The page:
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San Diego-born musical ‘House of Dreams’ heads to New York with Broadway dreams

A scene from “33 1/3 - House of Dreams,” which made its world premiere in August 2019 at San Diego Repertory Theatre.
(Courtesy of Jim Carmody)

Local creative team is planning a developmental lab for the show in New York City in late spring

Eighteen months ago, “33 1/3 - House of Dreams” became the little musical that could.

Penned and mostly self-funded by a San Diego dentist and one of his friends — and produced at San Diego Repertory Theatre with a cast that included 25 high school students — “House of Dreams” became a surprise box office smash and a critical darling in its 2019 world premiere. Now, the jukebox musical about L.A.'s famed Gold Star Studios is heading to New York City, with an eye toward a possible Broadway run.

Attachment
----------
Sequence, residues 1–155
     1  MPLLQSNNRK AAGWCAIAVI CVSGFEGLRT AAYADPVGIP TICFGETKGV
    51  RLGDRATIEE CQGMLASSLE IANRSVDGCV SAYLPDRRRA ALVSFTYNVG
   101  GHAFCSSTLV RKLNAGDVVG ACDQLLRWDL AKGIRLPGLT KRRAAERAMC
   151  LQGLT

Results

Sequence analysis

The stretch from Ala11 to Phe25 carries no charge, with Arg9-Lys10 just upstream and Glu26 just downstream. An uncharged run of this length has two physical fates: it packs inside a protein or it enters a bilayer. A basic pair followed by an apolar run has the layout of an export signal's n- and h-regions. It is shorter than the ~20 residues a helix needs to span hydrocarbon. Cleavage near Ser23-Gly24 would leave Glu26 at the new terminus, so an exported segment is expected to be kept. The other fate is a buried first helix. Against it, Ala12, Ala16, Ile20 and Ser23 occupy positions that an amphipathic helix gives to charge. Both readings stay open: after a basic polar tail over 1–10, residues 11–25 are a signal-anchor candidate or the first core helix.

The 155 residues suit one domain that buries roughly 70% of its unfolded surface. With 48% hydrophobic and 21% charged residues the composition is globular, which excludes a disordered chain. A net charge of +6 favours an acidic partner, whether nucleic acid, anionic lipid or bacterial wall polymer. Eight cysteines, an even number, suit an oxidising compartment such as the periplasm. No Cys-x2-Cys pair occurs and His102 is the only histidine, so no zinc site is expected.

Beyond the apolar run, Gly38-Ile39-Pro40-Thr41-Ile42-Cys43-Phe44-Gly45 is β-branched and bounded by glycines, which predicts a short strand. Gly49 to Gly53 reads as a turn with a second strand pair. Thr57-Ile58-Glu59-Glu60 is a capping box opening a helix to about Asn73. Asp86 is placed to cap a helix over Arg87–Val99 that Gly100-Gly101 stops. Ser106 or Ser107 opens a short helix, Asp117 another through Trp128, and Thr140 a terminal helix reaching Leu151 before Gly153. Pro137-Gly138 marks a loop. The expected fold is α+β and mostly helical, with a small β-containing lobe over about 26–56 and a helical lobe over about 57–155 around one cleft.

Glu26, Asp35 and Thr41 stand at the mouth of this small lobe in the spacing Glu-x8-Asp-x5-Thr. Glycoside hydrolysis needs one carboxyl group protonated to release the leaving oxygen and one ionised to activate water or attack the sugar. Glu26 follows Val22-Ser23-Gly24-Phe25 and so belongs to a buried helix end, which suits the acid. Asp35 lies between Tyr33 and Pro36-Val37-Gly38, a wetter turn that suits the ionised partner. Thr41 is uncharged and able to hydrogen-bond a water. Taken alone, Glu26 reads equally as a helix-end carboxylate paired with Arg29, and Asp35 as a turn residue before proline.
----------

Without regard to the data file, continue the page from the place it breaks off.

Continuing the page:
In the late spring, the musical’s San Diego creative team will fly to New York City for a developmental lab with Broadway producer and seven-time Tony winner Barry Weissler to gauge its potential for future production. That could mean a second regional theater run, a national tour, a West End booking in London or, hopefully, a Broadway run.

Co-writer Brad Ross — whose father Stan Ross co-founded Gold Star Studios in 1950 — said it was exciting watching his family’s story come to life onstage and to see it so well received by audiences. A San Diego dentist, Ross wrote the script with longtime friend Jonathan Rosenberg, a singer/songwriter and playwright. To bring their story to life onstage, they recruited director/choreographer Javier Velasco, who is artistic director of San Diego Ballet, and musical director/arranger Steve Gunderson, a veteran theater performer and creator who splits his time between Los Angeles and San Diego.

Jonathan Rosenberg and Brad Ross, co-writers of the musical "33 1/3: House of Dreams."
Jonathan Rosenberg, left, and Brad Ross, co-writers of the musical “33 1/3: House of Dreams” during rehearsals at San Diego Repertory Theatre in July 2019.
(Sam Hodgson/The San Diego Union-Tribune)